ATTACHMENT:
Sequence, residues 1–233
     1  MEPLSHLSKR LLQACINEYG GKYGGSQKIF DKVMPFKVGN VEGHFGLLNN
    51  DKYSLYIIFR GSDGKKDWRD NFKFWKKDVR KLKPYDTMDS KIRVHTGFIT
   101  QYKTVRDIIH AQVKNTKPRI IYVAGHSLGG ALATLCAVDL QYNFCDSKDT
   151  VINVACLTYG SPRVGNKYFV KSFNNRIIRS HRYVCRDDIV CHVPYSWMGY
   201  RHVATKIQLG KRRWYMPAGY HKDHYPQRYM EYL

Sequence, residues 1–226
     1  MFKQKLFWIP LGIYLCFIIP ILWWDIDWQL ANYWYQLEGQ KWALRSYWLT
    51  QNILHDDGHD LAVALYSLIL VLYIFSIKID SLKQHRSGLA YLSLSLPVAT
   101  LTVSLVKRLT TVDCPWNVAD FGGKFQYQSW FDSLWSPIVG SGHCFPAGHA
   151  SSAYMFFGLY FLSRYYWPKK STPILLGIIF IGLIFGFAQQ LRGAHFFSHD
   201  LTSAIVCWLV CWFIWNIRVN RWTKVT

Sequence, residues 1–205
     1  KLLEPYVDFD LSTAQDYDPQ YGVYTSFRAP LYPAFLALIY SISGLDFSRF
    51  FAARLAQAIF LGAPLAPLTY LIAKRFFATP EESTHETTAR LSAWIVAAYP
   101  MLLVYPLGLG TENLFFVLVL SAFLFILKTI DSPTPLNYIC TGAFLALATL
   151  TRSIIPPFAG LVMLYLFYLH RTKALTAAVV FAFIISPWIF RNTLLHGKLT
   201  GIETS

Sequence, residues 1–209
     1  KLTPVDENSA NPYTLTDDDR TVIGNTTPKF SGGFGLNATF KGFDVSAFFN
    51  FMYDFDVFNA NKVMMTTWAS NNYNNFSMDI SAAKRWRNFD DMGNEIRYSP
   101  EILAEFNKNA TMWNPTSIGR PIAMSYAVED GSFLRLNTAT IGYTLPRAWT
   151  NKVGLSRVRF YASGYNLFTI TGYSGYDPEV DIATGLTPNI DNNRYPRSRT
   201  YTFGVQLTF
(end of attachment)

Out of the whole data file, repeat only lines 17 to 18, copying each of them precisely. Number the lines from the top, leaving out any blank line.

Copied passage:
   151  TRSIIPPFAG LVMLYLFYLH RTKALTAAVV FAFIISPWIF RNTLLHGKLT
   201  GIETS